(b) (1) An applicant whose monthly income is at or below 80 percent of the Unadjusted Area Median Income as set by United States Department of Housing and Urban Development (HUD) for the HUD Metro Fair Market Rent Area in the county, or the geographic area of the state as described in subdivision (c) of Section 50079.5 of the Health and Safety Code, in which the applicant is filing.
(2) The Judicial Council shall annually publish a table establishing the threshold monthly household income for a fee waiver pursuant to paragraph (1) that is adjusted for family size to be used with form FW-001.
(c) An applicant who, as individually determined by the court, cannot pay court fees without using moneys that normally would pay for the common necessaries of life for the applicant and the applicant’s family. Only if a trial court finds that an applicant under this subdivision can pay a portion of court fees, or can pay court fees over a period of time, or under some other equitable arrangement, without using moneys that normally would pay for the common necessaries of life for the applicant and the applicant’s family, the court may grant a partial initial fee waiver using the notice and hearing procedures set forth in paragraph (5) of subdivision (e) of Section 68634. “Common necessaries of life,” as used in this article, shall be interpreted consistently with the use of that term in paragraph (1) of subdivision (c) of Section 706.051 of the Code of Civil Procedure, as that paragraph read prior to January 1, 2012.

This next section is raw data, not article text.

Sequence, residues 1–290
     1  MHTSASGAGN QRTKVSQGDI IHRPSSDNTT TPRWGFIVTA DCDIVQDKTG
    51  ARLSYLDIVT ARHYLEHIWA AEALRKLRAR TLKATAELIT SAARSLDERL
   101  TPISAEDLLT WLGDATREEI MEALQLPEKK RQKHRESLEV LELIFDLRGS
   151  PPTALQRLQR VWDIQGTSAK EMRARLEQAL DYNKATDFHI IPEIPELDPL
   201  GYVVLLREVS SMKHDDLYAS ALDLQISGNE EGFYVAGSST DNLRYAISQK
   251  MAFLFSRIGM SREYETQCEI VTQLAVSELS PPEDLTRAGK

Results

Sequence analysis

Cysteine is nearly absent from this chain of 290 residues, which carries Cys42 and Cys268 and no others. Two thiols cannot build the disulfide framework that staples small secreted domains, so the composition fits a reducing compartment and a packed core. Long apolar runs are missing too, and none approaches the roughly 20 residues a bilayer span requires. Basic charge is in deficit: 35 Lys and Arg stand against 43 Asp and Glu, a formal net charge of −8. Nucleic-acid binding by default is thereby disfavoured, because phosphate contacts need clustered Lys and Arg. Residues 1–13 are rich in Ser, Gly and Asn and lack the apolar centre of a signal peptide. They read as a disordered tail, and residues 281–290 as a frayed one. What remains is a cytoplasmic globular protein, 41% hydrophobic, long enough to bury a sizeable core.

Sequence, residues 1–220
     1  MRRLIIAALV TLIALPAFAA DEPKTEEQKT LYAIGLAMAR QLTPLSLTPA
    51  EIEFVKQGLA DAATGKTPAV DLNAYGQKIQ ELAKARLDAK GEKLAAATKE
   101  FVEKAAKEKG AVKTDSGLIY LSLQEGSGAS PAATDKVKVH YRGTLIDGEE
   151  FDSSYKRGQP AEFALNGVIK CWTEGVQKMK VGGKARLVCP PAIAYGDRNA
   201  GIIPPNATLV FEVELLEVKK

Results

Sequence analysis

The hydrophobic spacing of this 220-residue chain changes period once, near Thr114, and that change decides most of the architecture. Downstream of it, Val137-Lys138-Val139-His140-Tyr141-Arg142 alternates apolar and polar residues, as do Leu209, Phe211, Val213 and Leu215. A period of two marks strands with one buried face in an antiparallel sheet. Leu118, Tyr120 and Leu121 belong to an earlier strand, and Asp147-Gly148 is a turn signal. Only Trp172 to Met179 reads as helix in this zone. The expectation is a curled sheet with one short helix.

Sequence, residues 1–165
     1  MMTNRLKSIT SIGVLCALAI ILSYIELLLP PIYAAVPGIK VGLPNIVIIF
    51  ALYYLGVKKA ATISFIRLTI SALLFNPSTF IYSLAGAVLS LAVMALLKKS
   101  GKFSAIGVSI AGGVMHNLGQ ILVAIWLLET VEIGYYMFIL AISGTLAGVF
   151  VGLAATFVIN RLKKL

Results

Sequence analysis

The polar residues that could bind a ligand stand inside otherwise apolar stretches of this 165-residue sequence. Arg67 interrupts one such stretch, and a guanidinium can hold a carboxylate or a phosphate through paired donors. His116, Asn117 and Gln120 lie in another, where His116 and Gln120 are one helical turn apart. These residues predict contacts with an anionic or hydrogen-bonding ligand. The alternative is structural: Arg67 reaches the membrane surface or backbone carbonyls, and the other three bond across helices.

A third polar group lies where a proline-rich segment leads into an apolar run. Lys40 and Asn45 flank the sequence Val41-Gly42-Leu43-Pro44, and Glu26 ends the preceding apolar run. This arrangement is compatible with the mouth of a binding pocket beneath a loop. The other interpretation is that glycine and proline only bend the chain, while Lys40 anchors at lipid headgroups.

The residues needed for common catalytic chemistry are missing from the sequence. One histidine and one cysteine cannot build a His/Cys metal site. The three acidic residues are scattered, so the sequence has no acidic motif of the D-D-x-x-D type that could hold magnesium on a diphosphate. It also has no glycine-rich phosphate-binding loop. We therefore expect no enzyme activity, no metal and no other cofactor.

(d) A person who files a petition for appointment of a fiduciary in a guardianship or conservatorship, or files pleadings as the appointed fiduciary of a conservatee or ward, when the financial condition of the conservatee or ward meets the standards for a fee waiver pursuant to subdivision (a), (b), or (c).

SEC. 3.

 This act is an urgency statute necessary for the immediate preservation of the public peace, health, or safety within the meaning of Article IV of the California Constitution and shall go into immediate effect. The facts constituting the necessity are:
The cost of living in California and the cost of filing court actions has steadily increased, and the eligibility threshold to automatically grant fee waivers for court filing costs has not kept pace with these increased costs for the several years prior to the COVID-19 global pandemic. The COVID-19 global pandemic has put low-income Californians at risk of unemployment, wage theft, debt, and loss of their homes. Low-income Californians need to efficiently and timely access justice by filing and responding to court actions without the added financial burden of paying costly filing fees that will impact their economic security and ability to pay for necessary costs of living. Therefore, it is necessary for this act to take effect immediately.